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White House Condemns Texas Muhammad Contest Shooting: 'No Act of Expression, Even if It's Offensive, That Justifies an Act of Violence

WASHINGTON, DC - FEBRUARY 10: White House Press Secretary Josh Earnest speaks to the media during his daily briefing in the Brady Briefing Room, February 10, 2015 in Washington, DC. Secretary Earnest spoke on various issues including the situation in Ukraine and Syria. (Mark Wilson/Getty Images)

The White House condemned the Sunday night shooting outside a Muhammad cartoon contest, saying there is no act of expression that justifies violence, even if that expression is "offensive."

"There is no act of expression, even if it’s offensive, that justifies an act of violence,” White House press secretary Josh Earnest told reporters aboard Air Force One Monday.

AP Photo/Pablo Martinez Monsivais

Earnest said President Barack Obama was was aware of the incident and lauded the police action that took down both gunmen.

“We saw a pretty important and notable display of bravery on the part of first responders and … because of their courage the only person that was injured by these gunmen was a security officer,” Earnest said.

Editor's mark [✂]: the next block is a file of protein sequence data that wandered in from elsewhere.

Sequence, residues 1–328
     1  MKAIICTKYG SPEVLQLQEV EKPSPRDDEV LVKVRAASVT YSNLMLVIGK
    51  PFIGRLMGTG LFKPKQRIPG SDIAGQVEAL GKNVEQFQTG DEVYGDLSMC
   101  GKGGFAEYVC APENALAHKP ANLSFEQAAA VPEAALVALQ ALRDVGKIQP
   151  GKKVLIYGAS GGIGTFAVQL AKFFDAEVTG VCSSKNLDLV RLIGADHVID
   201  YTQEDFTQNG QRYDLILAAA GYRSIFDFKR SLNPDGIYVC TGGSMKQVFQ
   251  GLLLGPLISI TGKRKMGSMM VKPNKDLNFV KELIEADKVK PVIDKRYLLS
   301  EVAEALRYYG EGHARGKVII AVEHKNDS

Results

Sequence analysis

Local police said the shooters pulled up to the event wearing “protective gear” and carrying “assault riffles” and opened fire immediately after getting out of their vehicle. They were shot by a traffic officer with a pistol, police said.

“We have seen extremists try to use expressions that they considered to be offensive as a way to justify violence not only in this country, but around the world, and in the mind of the president there is no form of expression that would justify an act of violence," Earnest said.

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